Ray recalled coming across David's song 'Dengie Boy' online, and enjoyed David's Maldon District-based parodies so much he played them on his BBC Essex breakfast shows. David got in touch with Ray and began to produce a weekly piece for the show as his alter-ego, 'Cocker Freeman'.

Listen to Cocker Freeman's interview with Ray Clark on BBC Essex:

As 'Cocker', David offered his satirical and subversive outlook on the world around him, in radio pieces that ran for six months.

One local news headline from 2008 reads "Dengie Boy fever hits the Maldon district", when Cocker Freeman's parody of Soulja Boy's 'Crank That' was viewed 4,300 times online.

To date, David's creations have racked up an impressive 206,000 views on YouTube.

Listen to Cocker Freeman's rendition of 'Burnham Rockstar':

"He was a musician's musician"

Journalist and local councillor Nick Skeens was a close friend of David's, and ensured Cocker Freeman got some airtime on his radio station, Saint FM - now known as Caroline Community Radio.

In 2009, the two collaborated on a spoof self-help book for non-smokers, entitled Cough Your Way to Fitness.

Listen to an extract from Cough Your Way to Fitness:

Nick reflected on his friend's musical talents in his tribute.

He told Nub News: "His compilation album 'Recognised' was a comment on how he never really was recognised. He never quite broke through – and there are so many less talented people earning an absolute fortune in this business.

"David's song 'An Ordinary Life', shows how he was almost surprised by the fact his life wasn't more celebrated."

Nick says the song 'Hold Your Horses Woman' focuses on the battle of the sexes.

david hughes music · Hold Your Horses Woman

He added: "It's about how women often get upset with men, because men are so bloody useless."

Rick Sanders and Chris Leslie feature on violin.

In his typically witty fashion, David's song features the line:

I was blind but now I see,

Woman, you have no secrets left but one -

Just what you saw in me

In '50 Yards', David reflects on his home in Maldon being just 50 yards from everything he needed – including the paper shop, the pub, and the guitar shop.

Listen to 50 Yards by David Hughes:

Nick continued: "He was a musician's musician - so all the top people in the world of folk knew and appreciated him.

"He was such an affable guy – good company, self-deprecating, immensely talented – so he had a fantastic network of friends in the higher echelons of the folk music world.

"When he did a recording, he had some of the best people in the country recording with him. So, the quality was highly professional."

"Chris Leslie, a violinist who worked with Fairport, Pentangle, and then with David in St Agnes Fountain, was always incredibly impressed by him – saying he'd not met anyone in the whole world who could play guitar like David did. He was absolutely right."

"I learned to play guitar and it was downhill from there"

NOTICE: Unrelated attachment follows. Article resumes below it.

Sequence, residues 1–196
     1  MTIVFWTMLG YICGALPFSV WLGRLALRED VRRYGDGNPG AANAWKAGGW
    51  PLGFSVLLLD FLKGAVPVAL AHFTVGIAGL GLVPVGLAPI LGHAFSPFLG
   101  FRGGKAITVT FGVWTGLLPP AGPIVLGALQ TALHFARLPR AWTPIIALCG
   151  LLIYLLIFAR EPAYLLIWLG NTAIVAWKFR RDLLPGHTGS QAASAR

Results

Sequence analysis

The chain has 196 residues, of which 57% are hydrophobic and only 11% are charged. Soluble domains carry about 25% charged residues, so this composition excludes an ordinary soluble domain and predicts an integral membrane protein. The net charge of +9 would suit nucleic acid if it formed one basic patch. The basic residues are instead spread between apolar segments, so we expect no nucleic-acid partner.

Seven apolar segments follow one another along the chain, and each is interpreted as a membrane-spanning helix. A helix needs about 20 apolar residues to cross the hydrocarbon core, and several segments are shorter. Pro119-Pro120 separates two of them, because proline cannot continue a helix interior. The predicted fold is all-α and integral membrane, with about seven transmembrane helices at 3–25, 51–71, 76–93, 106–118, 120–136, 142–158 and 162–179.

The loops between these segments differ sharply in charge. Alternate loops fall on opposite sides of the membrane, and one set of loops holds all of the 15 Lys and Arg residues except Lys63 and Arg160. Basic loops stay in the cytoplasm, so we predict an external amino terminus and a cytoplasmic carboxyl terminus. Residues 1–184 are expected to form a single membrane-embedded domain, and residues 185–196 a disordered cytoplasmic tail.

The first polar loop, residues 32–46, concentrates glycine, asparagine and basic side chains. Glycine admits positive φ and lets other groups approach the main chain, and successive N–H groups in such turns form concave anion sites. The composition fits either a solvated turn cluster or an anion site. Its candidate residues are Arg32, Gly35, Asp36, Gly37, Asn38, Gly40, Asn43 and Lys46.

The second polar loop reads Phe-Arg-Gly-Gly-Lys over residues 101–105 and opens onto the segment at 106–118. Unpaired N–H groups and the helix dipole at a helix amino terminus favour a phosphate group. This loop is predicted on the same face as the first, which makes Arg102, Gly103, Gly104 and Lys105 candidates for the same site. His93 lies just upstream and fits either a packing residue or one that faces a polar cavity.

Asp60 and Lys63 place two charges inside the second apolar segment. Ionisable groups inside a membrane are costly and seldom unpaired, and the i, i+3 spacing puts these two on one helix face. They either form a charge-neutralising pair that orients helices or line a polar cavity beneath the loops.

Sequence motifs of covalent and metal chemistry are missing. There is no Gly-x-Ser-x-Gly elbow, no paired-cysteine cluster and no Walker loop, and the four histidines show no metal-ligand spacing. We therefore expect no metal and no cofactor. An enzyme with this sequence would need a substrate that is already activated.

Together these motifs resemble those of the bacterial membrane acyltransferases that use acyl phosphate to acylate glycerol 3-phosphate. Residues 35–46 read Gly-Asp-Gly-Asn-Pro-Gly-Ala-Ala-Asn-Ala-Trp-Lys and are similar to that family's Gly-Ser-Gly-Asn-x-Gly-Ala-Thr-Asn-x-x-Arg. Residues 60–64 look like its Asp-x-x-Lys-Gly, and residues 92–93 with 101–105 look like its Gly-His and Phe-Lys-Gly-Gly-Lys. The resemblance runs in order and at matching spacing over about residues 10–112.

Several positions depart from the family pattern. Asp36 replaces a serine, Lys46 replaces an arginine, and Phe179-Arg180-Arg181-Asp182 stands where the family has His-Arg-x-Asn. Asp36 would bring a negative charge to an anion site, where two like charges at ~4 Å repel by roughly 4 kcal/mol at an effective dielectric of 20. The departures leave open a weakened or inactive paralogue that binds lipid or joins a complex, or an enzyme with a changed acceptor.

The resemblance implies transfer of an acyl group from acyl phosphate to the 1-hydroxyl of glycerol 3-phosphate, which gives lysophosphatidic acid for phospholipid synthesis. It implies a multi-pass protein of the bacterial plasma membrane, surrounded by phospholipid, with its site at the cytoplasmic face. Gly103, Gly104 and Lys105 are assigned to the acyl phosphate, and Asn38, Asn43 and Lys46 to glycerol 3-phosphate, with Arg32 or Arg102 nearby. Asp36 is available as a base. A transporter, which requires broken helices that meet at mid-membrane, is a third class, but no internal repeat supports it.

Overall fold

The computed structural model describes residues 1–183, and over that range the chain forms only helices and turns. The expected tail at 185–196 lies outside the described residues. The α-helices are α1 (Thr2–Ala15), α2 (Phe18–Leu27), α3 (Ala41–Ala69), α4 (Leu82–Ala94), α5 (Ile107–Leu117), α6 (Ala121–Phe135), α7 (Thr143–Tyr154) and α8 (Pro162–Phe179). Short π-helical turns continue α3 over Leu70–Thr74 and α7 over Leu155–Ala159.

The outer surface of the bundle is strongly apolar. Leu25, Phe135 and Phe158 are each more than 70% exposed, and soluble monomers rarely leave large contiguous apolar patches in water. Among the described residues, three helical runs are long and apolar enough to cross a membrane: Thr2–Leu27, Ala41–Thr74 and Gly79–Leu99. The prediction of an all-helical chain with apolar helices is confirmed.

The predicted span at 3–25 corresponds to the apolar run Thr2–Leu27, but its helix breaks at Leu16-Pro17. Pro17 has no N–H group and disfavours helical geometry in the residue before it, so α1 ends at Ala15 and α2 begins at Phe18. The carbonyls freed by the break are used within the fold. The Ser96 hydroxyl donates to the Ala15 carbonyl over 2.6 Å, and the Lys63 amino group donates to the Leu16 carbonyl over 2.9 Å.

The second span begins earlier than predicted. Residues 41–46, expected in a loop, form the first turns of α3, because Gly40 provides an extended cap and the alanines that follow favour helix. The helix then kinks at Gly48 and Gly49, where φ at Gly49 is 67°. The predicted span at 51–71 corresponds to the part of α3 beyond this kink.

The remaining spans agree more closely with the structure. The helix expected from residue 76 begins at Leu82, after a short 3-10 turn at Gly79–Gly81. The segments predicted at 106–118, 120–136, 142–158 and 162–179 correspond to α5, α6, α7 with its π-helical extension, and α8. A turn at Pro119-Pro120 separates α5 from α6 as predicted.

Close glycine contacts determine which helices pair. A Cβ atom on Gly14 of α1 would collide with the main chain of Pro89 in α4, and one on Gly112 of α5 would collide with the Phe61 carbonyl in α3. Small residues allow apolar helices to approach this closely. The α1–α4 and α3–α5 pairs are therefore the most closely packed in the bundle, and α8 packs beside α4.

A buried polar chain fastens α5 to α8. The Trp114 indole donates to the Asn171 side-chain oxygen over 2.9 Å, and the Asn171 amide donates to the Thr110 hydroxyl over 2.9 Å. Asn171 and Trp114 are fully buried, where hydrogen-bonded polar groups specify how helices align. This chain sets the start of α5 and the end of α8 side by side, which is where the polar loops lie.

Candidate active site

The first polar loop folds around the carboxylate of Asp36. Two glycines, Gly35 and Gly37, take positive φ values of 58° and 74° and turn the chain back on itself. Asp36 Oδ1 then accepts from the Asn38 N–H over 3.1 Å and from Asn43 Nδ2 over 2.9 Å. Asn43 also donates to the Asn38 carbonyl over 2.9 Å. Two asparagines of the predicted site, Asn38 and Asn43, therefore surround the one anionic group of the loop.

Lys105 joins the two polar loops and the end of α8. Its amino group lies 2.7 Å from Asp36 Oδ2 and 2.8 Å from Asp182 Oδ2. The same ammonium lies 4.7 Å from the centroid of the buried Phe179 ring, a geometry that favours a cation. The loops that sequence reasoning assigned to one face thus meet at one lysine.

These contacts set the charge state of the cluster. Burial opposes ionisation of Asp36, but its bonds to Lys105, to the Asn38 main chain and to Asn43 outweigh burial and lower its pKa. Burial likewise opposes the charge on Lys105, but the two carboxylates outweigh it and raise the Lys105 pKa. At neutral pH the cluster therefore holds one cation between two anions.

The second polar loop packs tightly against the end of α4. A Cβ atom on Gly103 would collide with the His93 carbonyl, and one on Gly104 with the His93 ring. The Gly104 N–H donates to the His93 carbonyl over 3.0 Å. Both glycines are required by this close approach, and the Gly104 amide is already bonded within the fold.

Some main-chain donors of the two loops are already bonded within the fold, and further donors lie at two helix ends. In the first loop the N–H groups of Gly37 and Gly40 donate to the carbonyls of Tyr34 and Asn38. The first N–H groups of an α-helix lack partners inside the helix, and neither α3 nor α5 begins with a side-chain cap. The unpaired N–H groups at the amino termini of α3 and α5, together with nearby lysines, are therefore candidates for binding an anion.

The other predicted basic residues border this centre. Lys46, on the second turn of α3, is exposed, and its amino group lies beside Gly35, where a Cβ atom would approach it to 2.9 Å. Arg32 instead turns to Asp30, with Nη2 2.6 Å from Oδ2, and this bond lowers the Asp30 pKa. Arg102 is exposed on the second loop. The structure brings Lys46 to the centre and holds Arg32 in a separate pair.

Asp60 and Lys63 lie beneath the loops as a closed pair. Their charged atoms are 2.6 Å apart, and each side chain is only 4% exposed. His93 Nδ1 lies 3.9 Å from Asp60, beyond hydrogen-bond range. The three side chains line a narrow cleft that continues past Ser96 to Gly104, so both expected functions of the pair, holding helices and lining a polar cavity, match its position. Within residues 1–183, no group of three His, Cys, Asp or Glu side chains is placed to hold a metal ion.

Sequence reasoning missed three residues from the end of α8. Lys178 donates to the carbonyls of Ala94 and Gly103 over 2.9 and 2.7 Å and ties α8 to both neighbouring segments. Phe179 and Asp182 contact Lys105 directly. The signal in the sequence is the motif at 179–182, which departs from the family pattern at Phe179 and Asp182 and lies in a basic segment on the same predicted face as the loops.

Beyond the world of music, David was incredibly proud of a particular sporting achievement he earned while attending Maldon Grammar School. On Sports Day in 1967, David broke the school record for the boys' under-15s 220 yards race.

He was a keen sportsman, competing at county level in track and field, and loved to play football.

Many years later, David recalled: "The upshot of my athletic life was that I went to Loughborough College. That's where I learned to play guitar and it was downhill from there."

Friend, entertainer, Dad

Taylor and Ruby Hughes, David's beloved children, have spoken about their father – who was so much more to them than a mere self-professed "rock god".

Ruby said: "There are so many memories - being late for school pick up every day because he was busy working on something, the home videos he spent hours filming for us, thousands of trips to the Prom, or the model barge he built for me, complete with a Liverpool flag of course.

"My dad could always be found at his desk. I would often come home from school to the news of his latest projects, which we would enjoy together before I started to badger him to make our dinner.

"I have always spoken loud and proud of his music - both acoustic and hip hop. I am grateful to know his voice and humour will never be lost with such a variety of his work available to us."

Ruby and Taylor pictured celebrating their dad's 70th birthday in 2020.

Taylor added: "Everyone remembers the music, and the wit, but I'll also remember the father: the man who helped me make cardboard swords, the man who wrapped my apple pies for my lunch box to look like genie lamps, the man who caught me as I jumped off the sofa playing Peter Pan, and the man who once told the staff at 'the yellow shop' (Toymaster on the High Street) off for selling a Spider-Man 'webshooter' but not stocking the refills. They were 'selling children dreams and then ruining them by not bothering with basic stock management'.

"He was everyone's friend, he was an entertainer to lots of people, but he was only mine and Ruby's dad."

David died peacefully at Broomfield Hospital in Chelmsford, on 10 April.

If you wish to pay tribute or share your memories of David Hughes, please get in touch.